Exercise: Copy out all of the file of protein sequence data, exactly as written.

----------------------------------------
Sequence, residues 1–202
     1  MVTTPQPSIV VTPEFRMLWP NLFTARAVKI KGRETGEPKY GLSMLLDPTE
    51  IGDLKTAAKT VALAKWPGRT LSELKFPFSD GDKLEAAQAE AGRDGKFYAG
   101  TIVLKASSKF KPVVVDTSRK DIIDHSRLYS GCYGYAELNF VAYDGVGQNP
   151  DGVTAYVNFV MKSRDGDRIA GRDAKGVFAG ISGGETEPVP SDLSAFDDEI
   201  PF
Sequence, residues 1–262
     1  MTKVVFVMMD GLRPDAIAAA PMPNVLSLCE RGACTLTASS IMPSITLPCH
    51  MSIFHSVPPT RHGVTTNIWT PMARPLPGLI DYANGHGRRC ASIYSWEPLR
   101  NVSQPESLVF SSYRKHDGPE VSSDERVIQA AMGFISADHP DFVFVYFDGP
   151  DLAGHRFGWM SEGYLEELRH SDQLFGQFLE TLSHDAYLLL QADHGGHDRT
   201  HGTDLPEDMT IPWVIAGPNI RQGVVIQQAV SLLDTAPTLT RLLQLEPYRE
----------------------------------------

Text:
Sequence, residues 1–202
     1  MVTTPQPSIV VTPEFRMLWP NLFTARAVKI KGRETGEPKY GLSMLLDPTE
    51  IGDLKTAAKT VALAKWPGRT LSELKFPFSD GDKLEAAQAE AGRDGKFYAG
   101  TIVLKASSKF KPVVVDTSRK DIIDHSRLYS GCYGYAELNF VAYDGVGQNP
   151  DGVTAYVNFV MKSRDGDRIA GRDAKGVFAG ISGGETEPVP SDLSAFDDEI
   201  PF
Sequence, residues 1–262
     1  MTKVVFVMMD GLRPDAIAAA PMPNVLSLCE RGACTLTASS IMPSITLPCH
    51  MSIFHSVPPT RHGVTTNIWT PMARPLPGLI DYANGHGRRC ASIYSWEPLR
   101  NVSQPESLVF SSYRKHDGPE VSSDERVIQA AMGFISADHP DFVFVYFDGP
   151  DLAGHRFGWM SEGYLEELRH SDQLFGQFLE TLSHDAYLLL QADHGGHDRT
   201  HGTDLPEDMT IPWVIAGPNI RQGVVIQQAV SLLDTAPTLT RLLQLEPYRE